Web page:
There is a high incidence of cervical involvement in patients with rheumatoid disease. Early evaluation of the neck, close follow-up with dynamic radiographs of the cervical spine, and careful neurological assessment are important in the care of these patients. Surgical stabilization should be considered early even in the absence of neurological findings when significant instability is noted since outcome is related to preoperative neurological function. The type of fusion performed is determined by a careful assessment of the location of instability, patient factors, and the experience of the surgeon with various techniques. The type of postoperative immobilization should be decided on an individual basis depending on the quality of fixation achieved at surgery. Patients must be observed closely in the postoperative period for development of early complications and followed-up for the appearance of pseudarthrosis or late instabilities.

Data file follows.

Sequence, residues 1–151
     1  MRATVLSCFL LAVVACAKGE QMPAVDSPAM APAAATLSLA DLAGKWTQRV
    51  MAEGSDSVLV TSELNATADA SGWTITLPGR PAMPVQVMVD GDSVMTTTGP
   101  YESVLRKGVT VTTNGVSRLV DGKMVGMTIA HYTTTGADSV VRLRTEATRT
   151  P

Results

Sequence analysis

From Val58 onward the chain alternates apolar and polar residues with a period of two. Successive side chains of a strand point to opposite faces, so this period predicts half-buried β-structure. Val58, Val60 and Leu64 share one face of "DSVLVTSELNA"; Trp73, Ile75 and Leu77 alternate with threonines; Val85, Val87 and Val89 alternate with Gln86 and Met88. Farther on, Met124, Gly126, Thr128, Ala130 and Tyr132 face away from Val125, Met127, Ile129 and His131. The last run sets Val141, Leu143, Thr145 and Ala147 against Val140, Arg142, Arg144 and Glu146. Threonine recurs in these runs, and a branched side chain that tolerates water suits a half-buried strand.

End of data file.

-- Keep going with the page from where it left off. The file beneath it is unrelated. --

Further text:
|Number of pages||9|
|Journal||Seminars in Arthroplasty|
|State||Published - Jul 1995|